The end of January/beginning of February brings on the Santa Barbara International Film Festival, which is one of my all-time favorite times of the year. This is the first time I haven’t been tied up on the weekends or out of the country in a few years, so I pulled the hubs along with me to spend Sunday seeing a couple of films. The first was a French comedy about a chef (starring Jean Reno–yes! Leon the Professional!). Then Mr. Hubs agreed to go with me to a Spanish film called Canibal which is a pretty big deal for him, as he is not a horror fan.
Well, it turns out Canibal isn’t really a horror movie, but a romantic tragedy directed by Manuel Martín Cuenca. The romance angle sounds like it could have been super hokey, but ended up being heartbreaking and sometimes spellbinding. I know–spellbinding even! The movie is very much geared toward the visual elements rather than weaving an elaborate story, this translates to long shots that drink in the scenery (you know, that art film thing). It looks great though, so I can’t really complain.
Example, the first shot opens on a gas station from some distance away. The station provides the only light in what is otherwise total blackness, and it almost has an Edward Hopper-like effect. You watch these two people filling up the car, having a cigarette, checking to see if anyone is inside and all the while you are waiting for another car to drive up or someone to ambush them. Instead, after those few minutes in silence, they get in the car and drive past your P.O.V. At which point, you hear the sound of an engine starting and you take off after them, realizing you’ve been in the killer’s P.O.V. the whole time. Shazam.
But don’t worry, it isn’t at all like the Maniac remake. That was really the only scene displayed from first person. The movie is third person, following the killer aka Carlos, played by Antonio de la Torre (who I recognized from Volver where he played a rapist. Let’s hope this isn’t type-casting.).
Carlos is a killer, but also a tailor in Granada, Spain. He is of the Hannibal Lecter school of cannibalism, where he appreciates precision, craftsmanship, and other fine things. The local Catholic church relies on him to restore a holy cloth that is going to be used during Easter. He listens to nothing but classical music while he crafts elegant mens’ suits. And unlike Hannibal, he doesn’t really seem to create culinary masterpieces with his selected human meats, or even really eat any fruits or vegetables at all. Just cutlets from his icebox full of human flesh and a glass of red wine.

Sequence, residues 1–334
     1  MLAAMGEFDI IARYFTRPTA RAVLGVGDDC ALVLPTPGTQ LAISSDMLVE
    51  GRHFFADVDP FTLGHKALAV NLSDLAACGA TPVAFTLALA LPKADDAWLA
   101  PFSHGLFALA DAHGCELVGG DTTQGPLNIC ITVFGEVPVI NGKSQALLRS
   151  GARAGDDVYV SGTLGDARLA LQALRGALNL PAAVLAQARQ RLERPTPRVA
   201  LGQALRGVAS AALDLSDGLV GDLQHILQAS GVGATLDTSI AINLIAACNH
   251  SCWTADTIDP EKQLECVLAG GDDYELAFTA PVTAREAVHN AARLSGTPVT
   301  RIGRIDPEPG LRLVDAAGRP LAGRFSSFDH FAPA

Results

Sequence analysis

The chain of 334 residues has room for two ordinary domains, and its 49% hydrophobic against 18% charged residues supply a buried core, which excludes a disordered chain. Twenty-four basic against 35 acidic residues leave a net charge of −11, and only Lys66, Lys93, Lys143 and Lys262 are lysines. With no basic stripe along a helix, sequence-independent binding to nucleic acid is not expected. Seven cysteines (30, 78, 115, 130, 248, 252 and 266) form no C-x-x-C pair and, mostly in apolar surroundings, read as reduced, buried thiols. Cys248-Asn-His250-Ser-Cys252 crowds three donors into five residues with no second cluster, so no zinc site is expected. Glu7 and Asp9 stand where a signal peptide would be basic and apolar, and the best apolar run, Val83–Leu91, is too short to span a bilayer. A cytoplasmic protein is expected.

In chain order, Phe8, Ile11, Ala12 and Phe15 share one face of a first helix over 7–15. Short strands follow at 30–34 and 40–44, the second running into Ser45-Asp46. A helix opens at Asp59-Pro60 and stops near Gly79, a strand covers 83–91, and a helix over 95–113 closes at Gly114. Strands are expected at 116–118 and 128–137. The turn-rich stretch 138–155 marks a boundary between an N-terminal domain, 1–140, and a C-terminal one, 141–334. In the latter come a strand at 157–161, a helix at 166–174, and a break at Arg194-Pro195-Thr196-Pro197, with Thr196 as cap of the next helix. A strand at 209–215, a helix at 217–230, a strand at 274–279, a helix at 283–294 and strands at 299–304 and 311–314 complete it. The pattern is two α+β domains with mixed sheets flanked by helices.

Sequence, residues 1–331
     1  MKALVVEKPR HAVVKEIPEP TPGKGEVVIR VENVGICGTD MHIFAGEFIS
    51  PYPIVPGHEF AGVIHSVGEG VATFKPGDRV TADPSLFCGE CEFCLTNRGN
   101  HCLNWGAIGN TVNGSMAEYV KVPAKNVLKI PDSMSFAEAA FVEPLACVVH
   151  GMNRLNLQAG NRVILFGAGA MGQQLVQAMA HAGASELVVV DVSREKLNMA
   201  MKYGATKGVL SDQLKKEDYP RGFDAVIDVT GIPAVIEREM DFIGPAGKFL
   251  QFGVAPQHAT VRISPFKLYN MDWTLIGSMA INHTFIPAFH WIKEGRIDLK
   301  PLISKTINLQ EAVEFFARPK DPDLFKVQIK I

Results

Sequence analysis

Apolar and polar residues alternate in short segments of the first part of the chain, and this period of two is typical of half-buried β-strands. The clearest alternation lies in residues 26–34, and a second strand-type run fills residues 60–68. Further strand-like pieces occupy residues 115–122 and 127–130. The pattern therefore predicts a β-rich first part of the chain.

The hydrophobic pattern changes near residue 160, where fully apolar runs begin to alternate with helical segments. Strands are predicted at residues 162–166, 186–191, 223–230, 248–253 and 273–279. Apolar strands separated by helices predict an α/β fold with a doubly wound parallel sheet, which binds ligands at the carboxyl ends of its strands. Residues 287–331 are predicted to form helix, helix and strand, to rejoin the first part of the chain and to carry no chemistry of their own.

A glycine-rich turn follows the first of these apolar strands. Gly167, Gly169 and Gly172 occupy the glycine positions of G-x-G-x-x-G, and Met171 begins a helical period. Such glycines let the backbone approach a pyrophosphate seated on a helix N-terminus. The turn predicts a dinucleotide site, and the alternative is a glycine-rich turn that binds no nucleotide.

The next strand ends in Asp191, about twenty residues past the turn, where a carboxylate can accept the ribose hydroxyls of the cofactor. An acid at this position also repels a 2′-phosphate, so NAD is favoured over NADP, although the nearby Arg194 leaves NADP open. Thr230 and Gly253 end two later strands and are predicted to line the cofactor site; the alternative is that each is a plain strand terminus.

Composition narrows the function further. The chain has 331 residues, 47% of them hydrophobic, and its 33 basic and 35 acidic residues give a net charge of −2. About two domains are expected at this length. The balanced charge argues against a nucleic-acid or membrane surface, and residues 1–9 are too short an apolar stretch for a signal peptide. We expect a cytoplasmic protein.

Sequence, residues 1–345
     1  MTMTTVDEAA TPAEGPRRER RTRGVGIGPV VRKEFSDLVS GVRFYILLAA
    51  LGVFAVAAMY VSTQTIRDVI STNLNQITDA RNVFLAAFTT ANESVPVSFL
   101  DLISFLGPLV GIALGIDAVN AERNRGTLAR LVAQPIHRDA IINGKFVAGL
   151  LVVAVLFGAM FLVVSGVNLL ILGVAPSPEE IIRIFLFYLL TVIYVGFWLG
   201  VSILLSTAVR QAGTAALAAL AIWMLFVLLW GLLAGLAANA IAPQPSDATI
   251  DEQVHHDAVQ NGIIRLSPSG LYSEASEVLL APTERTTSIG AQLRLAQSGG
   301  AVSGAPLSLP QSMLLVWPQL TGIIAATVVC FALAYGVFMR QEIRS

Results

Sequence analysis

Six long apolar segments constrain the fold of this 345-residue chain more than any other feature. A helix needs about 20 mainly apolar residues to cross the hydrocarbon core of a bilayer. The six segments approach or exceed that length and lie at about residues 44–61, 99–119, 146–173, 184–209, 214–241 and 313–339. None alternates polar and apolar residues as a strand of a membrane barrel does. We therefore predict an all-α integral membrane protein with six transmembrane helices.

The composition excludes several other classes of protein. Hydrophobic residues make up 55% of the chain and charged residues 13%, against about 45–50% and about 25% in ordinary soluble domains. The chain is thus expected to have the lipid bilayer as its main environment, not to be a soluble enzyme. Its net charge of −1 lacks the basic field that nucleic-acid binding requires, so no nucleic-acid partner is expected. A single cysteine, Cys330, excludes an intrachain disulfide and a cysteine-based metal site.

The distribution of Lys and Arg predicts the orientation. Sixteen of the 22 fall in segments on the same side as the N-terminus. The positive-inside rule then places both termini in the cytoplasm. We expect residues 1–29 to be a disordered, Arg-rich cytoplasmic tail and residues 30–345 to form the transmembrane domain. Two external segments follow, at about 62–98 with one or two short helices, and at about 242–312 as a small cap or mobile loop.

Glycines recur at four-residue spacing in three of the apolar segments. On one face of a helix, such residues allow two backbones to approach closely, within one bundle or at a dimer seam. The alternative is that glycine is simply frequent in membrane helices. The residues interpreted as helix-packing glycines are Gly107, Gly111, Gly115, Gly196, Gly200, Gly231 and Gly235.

Without the first sequence (where he ultimately traps the couple then kills and butchers the woman in his secluded mountain cabin), he would just be some lonely dude worthy of an Ace of Base song layover. In fact, he brought to mind a more collected version of Barry Egan in Punch Drunk Love. Then this Romanian girl with no obvious ties to anyone in town moves into his building, and then tries to put the moves on him. To the point that she shows up at his house in the middle of the night and tries to help herself to a beer from his refrigerator (“Why is there only meat in here?”).
It’s just too easy.
The major plot twist is when said Romanian girl’s sister comes looking for her. Confusing, uncomfortable, and ultimately tragic romance ensues.
If you are into quiet movies with slow, creeping horror and suggested gore, this is a great pic. Also if you love visual feasts featuring mountains and gorgeous, old architecture and textiles. And lots of indecipherable, yet piercing looks. This is film festival fodder, after all.
And–HA! My husband DUG it. Even if I can’t make him a horror fan, I might make an overall film fan of him yet.